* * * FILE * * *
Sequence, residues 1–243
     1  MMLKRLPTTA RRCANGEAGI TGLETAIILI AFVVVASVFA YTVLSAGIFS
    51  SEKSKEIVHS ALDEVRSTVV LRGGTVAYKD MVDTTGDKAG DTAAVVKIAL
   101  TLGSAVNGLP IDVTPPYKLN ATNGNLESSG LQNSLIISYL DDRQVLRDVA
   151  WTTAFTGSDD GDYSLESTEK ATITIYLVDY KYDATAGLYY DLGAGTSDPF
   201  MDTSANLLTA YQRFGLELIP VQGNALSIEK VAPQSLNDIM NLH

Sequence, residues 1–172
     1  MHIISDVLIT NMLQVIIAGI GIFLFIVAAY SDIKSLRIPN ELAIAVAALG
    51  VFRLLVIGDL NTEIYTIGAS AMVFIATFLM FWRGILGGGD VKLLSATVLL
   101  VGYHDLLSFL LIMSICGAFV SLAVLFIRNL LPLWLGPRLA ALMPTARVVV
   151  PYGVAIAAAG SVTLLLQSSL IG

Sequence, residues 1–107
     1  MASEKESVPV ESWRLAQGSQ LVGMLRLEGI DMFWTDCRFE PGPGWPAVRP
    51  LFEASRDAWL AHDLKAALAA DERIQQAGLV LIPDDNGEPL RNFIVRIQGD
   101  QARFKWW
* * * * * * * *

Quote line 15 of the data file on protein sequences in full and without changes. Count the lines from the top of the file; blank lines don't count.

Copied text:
   101  QARFKWW